With the release of Ozzy Osbourne’s No Rest for the Wicked in 1988, a sound was unleashed on the world that changed the lexicon of rock guitar and redefined the meaning of “Guitar God." Plucked from anonymity in Jackson, New Jersey, at age 20, Zakk Wylde (formerly Jeff Wielandt) forged a new path of style, personality and tone that continues to grow and evolve to this day.
Ozzy Osbourne will headline the Voodoo Music + Arts Experience in New Orleans October 31. For his performance, the Black Sabbath singer will be supported by band that includes guitarists Slash and Rage Against the Machine's Tom Morello, plus Osbourne’s Black Sabbath bandmate bassist Geezer Butler.
Last month around this time, we posted an insanely popular video of three sisters from Monterrey, Mexico—better known as the Warning—whose cover of Metallica's "Enter Sandman" pretty much took over the internet for a few days.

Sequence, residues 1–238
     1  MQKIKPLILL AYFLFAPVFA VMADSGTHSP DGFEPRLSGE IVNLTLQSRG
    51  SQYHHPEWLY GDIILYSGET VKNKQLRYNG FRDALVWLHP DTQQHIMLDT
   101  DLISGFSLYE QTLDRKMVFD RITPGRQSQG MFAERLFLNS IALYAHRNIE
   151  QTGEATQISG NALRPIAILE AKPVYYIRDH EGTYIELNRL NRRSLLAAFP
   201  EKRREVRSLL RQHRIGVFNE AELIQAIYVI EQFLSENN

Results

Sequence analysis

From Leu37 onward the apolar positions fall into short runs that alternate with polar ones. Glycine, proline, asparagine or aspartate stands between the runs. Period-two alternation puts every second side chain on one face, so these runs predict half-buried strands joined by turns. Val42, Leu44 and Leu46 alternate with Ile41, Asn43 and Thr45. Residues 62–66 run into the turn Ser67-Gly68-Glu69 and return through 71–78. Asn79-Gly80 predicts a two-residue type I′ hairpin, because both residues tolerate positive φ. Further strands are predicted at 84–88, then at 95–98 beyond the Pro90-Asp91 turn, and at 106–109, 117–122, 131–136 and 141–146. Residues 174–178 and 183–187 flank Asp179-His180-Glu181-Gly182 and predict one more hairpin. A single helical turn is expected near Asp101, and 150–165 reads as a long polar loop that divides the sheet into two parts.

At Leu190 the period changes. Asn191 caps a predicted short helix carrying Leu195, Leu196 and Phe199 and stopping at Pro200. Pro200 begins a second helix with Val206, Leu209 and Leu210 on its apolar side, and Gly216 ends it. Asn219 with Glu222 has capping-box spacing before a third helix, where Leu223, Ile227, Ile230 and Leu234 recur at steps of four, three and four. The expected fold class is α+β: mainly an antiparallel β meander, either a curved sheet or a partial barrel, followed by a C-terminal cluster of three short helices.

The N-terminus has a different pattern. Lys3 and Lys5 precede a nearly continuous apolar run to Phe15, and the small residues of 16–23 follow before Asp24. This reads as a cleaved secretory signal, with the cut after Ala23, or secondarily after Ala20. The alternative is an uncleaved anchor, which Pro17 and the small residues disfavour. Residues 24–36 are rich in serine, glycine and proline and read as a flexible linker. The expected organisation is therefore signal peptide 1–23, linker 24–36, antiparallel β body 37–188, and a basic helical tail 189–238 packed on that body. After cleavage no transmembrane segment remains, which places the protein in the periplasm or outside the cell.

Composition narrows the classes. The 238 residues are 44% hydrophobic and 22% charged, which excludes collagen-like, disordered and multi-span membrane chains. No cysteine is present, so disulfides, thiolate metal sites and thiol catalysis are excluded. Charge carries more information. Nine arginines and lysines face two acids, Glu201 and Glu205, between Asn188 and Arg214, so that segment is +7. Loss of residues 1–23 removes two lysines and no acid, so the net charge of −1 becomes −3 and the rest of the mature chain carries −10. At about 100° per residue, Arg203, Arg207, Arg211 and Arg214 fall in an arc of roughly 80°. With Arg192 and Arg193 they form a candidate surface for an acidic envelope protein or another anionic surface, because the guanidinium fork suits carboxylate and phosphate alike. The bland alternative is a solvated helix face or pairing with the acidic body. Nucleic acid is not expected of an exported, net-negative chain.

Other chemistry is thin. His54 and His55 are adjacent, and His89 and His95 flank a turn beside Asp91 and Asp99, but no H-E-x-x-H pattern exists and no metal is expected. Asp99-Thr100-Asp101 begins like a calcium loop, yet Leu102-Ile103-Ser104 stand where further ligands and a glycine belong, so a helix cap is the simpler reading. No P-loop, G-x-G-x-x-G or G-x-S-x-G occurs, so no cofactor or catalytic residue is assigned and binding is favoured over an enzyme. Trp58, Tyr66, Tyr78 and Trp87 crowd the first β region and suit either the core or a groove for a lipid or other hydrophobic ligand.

Remember back in February when we shared the Louisville Leopard Percussionists' xylophone-and-marimba cover of Led Zeppelin's “Immigrant Song,” “The Ocean” and “Kashmir”? Well, they're back—this time with their version of Ozzy Osbourne's "Crazy Train."
How in good conscience can an institution that has admitted Gladys Knight & the Pips overlook Ozzy Osbourne? That was the burning question that kept us awake after we learned about the Rock and Roll Hall of Fame’s inductees for 2014. Don’t get us wrong. We were thrilled to see Kiss and Nirvana finally listed among this year’s entrants. But after 28 years, we think it’s time that the Hall shower a little respect on some of the musicians that have thrilled and inspired Guitar World and its readers over the past 35 years.